things I wish ppl had told me about adhd 

- it doesn't always look like a boy being hyper and screaming jumping flipping tables.

it can also look like a shy kid being late, again, because there was a funny green bug, and a cat ran away, and check out this red flower, doesn't it kinda look like a fireflower from super mario, maybe mom could teach me to plant flowers?, and I wonder if that ice cream cart has jackfruit, and then you're almost ran over by a car.

(or, in the case of child me, you ran _into_ the car. while it's speeding.)

this is called an innatentive presentation, and it's though to be more common in girls, leading to underdiagnosis. it's still considered to be the same condition because both kids are suffering from understimulation and desperately trying to find something, anything to busy themselves with. the "h" part can look like hyperactivity of the mind, rather than bouncing around the room.

- the name is a misnomer, and a pretty misleading one at that.

there's no deficit of attention. in fact adhd ppl are notorious for paying inordinate amounts of attention to the most random things (‘hyperfocus’). they will manage to be attentive to stuff that everybody else filters out.

the difficulty is in controlling what the attention latches onto, and how much of it to dispense. alternative names proposed include ‘executive function disorder’, ‘attention regulation deficit disorder’, and in a positive framing, ‘variable attention stimulus trait’.

- adhd and autism overlap somewhat in symptoms

for example, adhd ‘hyperfocus’ can look a lot like spectrum ‘special interest’ (I suspect special interests are more long-lived). both are likely fidgety and trying to stim. both spectrum ppl and adhd will have trouble with conversational behaviour norms, turn-taking, word-dumping etc. (spectrum due to problems with unspoken cues and nonliteral language, adhd because (interrupts you)—ever notice that the word "because" is made of "be" and "cause" (in German the prefix be- like this is very productive and it's an unaccented prefix (which is important because of this thing called separable verbs, where if the prefix is accented... (goes on opening a few more parentheses; won't rest until closing all of them properly))).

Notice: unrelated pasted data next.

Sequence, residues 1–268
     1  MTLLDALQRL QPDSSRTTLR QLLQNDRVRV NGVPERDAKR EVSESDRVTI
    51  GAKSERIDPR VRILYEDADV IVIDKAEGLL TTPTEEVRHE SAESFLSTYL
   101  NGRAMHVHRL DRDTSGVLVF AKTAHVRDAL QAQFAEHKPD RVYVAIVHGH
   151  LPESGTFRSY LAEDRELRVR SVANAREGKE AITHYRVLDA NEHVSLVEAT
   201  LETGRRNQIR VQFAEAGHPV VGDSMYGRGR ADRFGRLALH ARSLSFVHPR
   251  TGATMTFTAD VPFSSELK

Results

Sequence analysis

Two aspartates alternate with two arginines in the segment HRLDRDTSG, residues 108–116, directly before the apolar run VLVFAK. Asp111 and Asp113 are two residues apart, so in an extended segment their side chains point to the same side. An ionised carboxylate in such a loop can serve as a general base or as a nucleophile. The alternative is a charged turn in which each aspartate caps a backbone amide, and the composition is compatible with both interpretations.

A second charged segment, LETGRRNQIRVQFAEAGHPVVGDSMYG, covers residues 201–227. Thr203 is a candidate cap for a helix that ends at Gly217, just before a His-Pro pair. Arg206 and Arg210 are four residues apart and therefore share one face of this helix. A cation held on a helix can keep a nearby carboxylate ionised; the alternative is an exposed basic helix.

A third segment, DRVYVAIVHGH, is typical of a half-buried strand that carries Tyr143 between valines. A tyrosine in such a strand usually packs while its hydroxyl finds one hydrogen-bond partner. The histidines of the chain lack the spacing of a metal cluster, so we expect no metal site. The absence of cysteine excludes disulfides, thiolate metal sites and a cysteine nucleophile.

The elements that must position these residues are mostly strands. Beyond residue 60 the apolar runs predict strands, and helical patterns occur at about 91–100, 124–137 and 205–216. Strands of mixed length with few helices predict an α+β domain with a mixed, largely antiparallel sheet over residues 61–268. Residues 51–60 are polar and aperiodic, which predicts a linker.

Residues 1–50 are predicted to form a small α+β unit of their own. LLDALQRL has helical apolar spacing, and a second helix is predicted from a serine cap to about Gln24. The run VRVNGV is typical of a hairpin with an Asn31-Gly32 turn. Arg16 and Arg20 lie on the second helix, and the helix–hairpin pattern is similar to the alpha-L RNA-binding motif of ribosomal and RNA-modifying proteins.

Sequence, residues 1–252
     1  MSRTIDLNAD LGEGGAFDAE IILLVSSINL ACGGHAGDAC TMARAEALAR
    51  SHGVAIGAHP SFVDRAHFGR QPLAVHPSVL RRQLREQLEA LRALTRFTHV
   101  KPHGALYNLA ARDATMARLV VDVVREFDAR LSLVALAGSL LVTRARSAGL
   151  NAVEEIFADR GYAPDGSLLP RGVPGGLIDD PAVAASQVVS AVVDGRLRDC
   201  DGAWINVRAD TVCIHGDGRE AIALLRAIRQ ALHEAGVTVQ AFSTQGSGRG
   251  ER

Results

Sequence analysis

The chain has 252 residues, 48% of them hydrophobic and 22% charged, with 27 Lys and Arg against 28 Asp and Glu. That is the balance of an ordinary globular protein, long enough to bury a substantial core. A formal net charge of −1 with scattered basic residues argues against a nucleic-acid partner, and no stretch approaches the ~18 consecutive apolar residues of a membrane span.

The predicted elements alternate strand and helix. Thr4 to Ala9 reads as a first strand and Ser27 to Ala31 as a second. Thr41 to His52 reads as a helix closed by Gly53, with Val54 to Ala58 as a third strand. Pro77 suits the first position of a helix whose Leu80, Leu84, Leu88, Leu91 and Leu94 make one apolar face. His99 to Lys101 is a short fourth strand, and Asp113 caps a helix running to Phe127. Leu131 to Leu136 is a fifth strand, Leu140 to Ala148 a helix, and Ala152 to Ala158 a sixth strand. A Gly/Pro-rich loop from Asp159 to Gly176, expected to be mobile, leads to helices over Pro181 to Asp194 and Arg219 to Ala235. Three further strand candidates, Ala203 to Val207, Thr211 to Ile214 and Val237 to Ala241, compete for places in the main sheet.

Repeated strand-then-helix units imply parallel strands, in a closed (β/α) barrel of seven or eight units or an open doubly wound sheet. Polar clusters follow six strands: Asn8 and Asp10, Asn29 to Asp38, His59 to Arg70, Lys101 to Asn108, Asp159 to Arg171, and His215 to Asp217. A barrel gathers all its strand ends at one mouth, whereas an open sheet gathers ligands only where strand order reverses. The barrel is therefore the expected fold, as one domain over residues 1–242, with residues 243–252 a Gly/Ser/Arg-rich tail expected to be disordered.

difficulty with social norms will lead to bad experiences which may cause social anxiety, correlated to both traits.

this overlap in symptoms means if you have one trait, you'll score higher than average in tests for the other, without meaning you have both. otoh...

- autism, adhd, dyslexia, gender issues are all correlated

(I hate the word ‘comorbidity’).

the new large-scale study on the connection between trans ppl and autism is notorious. but previous (smaller) studies suggest about just a strong a connection between gender stuff and adhd, and the intersection between the spectrum and adhd seems even bigger, and some 20~40% of adhd ppl have dyslexia (which in my opinion is less a ‘mental disorder’ than a hardware issue in implementing this weird new brain hack that connects an out-of-manual wire between the 3d edge detection module and the language module, a mod which we call ‘reading’).

trying to take a wider view, adhd and autism diagnoses are clusters of symptoms, and AFAICT it's not very clear yet the extent to which items in each box occur together vs. inter-boxically. irl ppl seem to be able to show some symptoms from each box. maybe you took ‘can't process faces and social cues’ from the spectrum box, but not ‘needs routine and known patterns’, preferring ‘needs stimulus from constant novelty’ from the adhd box.

I suspect these labels and models will probably be redrawn as our knowledge of weird brain stuff improves.

- adhd is significantly hereditary (35~75%)

so if you have a diagnosis, you might want to take a closer look at your parents/children, and vice-versa.

things I wish ppl had told me about adhd 

@elilla thanks, these posts are really interesting and now I know I definitely 'have' this

things I wish ppl had told me about adhd 

@elilla yes!

if people read this, and want to dive deeper: has heaps of articles not only on the lesser known symptoms/presentations, but also differences and interactions with other things!

things I wish ppl had told me about adhd 

@elilla I have innattentive subtype and it was honestly both a blessing and a curse with school and life.

It's great for avoiding detection and thus punishment for being distractable and a distraction, because I would stare at the board in class and look like I was paying attention, but I might as well have been in another building.

It's awful because I was distracted and undiagnosed til mid-teens, and then almost by accident.

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